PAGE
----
Collaboration

The University of Alberta recognizes collaboration as an important part of intellectual and academic development. Collaboration can produce creative and innovative ideas and research; however, it can also be complicated. As outlined in the Research and Scholarship Integrity Policy, any and all collaboration must be appropriately acknowledged.

Group Projects

Group projects are one way to capitalize on the benefits of collaboration. In this context, the whole is certainly greater than the sum of its parts. It takes creativity for a group of individual students to learn how to work together effectively. Students working on group projects should be aware of the following:

  • If your name is on the assignment, you are responsible for everything in that assignment, whether or not you participated in every section. Carefully review all the material submitted by other students in your group.
  • Ask questions of the professor if your group is confused about expectations.
  • It may be helpful to include a section describing the role of each student within the group, if appropriate for that project.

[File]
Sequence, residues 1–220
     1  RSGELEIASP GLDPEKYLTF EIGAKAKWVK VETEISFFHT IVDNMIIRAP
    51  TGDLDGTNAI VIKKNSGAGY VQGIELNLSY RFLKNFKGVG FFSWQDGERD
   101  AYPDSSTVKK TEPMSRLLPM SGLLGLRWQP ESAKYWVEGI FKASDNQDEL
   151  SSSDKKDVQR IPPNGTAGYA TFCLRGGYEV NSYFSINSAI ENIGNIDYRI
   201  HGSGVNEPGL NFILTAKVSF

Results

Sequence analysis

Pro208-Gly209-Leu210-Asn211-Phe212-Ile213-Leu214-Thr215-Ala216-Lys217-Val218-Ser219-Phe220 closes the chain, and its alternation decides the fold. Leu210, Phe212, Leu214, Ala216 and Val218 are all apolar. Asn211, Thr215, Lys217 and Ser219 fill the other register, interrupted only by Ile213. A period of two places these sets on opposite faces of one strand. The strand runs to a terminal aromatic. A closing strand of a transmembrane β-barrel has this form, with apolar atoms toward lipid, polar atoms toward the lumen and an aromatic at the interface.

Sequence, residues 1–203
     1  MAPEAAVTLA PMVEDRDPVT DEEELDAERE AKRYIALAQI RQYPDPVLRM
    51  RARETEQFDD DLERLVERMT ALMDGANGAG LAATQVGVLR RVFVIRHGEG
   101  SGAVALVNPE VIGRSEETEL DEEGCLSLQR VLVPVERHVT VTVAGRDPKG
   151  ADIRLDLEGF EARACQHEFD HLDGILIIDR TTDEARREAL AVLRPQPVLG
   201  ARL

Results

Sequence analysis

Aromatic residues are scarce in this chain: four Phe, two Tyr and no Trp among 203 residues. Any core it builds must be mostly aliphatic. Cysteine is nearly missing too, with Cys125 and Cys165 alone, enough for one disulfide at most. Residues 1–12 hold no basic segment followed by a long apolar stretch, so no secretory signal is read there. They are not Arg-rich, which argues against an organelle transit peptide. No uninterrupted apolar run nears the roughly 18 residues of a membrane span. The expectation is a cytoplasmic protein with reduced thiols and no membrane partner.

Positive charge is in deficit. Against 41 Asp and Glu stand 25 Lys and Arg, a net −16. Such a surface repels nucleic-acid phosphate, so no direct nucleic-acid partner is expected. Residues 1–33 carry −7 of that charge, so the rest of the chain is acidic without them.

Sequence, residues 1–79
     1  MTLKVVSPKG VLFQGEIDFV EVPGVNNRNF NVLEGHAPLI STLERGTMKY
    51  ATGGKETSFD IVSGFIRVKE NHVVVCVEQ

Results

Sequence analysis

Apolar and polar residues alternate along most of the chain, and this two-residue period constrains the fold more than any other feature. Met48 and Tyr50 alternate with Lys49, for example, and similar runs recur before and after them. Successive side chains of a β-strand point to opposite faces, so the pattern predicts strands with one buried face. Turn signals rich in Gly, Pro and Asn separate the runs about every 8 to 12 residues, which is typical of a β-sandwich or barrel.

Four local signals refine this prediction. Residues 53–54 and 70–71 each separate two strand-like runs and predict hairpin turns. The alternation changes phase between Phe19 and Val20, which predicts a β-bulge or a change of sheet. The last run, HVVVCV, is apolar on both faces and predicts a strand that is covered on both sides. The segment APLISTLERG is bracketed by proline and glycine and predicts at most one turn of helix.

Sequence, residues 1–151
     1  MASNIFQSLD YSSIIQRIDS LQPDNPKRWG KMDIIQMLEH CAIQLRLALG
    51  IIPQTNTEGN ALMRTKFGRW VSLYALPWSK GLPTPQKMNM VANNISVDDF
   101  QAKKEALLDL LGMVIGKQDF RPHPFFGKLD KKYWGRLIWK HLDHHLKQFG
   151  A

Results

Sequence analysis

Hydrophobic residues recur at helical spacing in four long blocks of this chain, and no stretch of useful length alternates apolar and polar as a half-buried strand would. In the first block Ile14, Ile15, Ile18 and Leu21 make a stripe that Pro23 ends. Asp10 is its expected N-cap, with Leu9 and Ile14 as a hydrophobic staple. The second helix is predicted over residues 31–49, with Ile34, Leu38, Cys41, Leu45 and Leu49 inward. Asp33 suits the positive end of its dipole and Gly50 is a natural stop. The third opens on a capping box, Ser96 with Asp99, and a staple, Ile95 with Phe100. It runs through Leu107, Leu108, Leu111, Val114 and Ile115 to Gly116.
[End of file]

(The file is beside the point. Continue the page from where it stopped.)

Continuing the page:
• Understand that everyone has different approaches to their work. Your group, whether you were assigned or chose to work together, will likely have to negotiate your process before you even begin the assignment.
  • It is helpful for the group to agree upon a mechanism to deal with any conflict that arises as you work together.

Inappropriate Collaboration

There is a difference between participating in scholarly discussions or debates with your colleagues and engaging in inappropriate collaboration on assignments intended to be completed individually.

One way to work appropriately with your colleagues is to discuss concepts, research and ideas together and then go your separate ways to write your individual assignments.